You may not have realized it, but we’re actually in the middle of National Hispanic Heritage month in the United States. The period of recognition for this important topic started on September 15th, and ends on October 15th. Many organizations are embracing this period of self reflection and advancement for the Hispanic and Latinx communities, including the NCAA. The ethnic background of student-athletes, coaches, and other members of the sporting/academic landscape are being celebrated.
To this end, the NCAA office of inclusion produced a guide for member schools which provides some helpful context on the history of the Hispanic community in the United States. This educational pamphlet also includes commentary from Hispanic-American student athletes and staff members.
“I would encourage Hispanic student-athletes to be brave and seek positions of leadership in which they can get the opportunity to speak and share their experiences in a professional environment,” Purdue University Northwest men’s soccer player Ismael Contreras expressed. “Whether it be the Student-Athlete Advisory Committee, student government or a different organization, take the leap and believe in yourself…” Via NCAA Hispanic Culture Guide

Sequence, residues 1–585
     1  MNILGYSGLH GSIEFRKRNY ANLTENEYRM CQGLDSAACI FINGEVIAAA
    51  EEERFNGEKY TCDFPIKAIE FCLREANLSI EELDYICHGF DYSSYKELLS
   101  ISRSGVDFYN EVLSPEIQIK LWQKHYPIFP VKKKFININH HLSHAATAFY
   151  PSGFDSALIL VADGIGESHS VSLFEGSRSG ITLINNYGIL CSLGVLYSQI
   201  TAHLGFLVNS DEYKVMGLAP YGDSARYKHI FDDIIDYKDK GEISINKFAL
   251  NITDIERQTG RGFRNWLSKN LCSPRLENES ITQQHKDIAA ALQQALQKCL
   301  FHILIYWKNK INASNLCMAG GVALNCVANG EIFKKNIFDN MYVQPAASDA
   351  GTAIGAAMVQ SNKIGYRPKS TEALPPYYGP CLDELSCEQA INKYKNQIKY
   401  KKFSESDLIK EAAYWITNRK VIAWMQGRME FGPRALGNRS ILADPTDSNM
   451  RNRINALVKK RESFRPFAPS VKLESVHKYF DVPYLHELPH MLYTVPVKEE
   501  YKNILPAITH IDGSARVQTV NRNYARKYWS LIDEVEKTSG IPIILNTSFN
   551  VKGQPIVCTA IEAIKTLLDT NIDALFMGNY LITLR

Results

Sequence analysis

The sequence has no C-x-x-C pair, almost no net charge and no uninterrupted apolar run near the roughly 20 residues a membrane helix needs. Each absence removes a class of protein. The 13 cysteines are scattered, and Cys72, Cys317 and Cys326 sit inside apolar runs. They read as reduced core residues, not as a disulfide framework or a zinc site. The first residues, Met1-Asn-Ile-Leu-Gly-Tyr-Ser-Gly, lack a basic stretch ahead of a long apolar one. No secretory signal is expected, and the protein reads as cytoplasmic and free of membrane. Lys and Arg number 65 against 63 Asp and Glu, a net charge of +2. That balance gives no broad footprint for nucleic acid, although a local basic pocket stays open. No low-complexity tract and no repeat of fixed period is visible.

According to the guide, one out of every six people in the United States is of Hispanic or Latinx descent. To that end, the NCAA understands the importance of communicating with and on behalf of a notable part of the population.
“The office of inclusion is delighted to provide additional resources for the membership to educate and celebrate individuals of different cultures. Though it was created for Hispanic Heritage Month, the guide can be used anytime to recognize and support Hispanic/Latinx student-athletes and staff on campuses across the country,” said Niya Blair Hackworth, who is the NCAA Director of Inclusion. Via NCAA.org
Colleges all across the nation are getting back to connecting on an in person basis, and that level of connection holds true for the Hispanic community at campuses throughout the country. Harvard’s Nayleth E. Lopez-Lopez spoke about how the pandemic short-circuited student efforts to hold cultural events on campus, but that it is great to be back.
“I’m honestly so happy that we can finally meet up and form community with the first-years and sophomores, because I know, especially from sophomores—they got hit hard last year. I feel like they weren’t able to fully see how strong the Latin community is here at Harvard,” she said. Via TheCrimson.com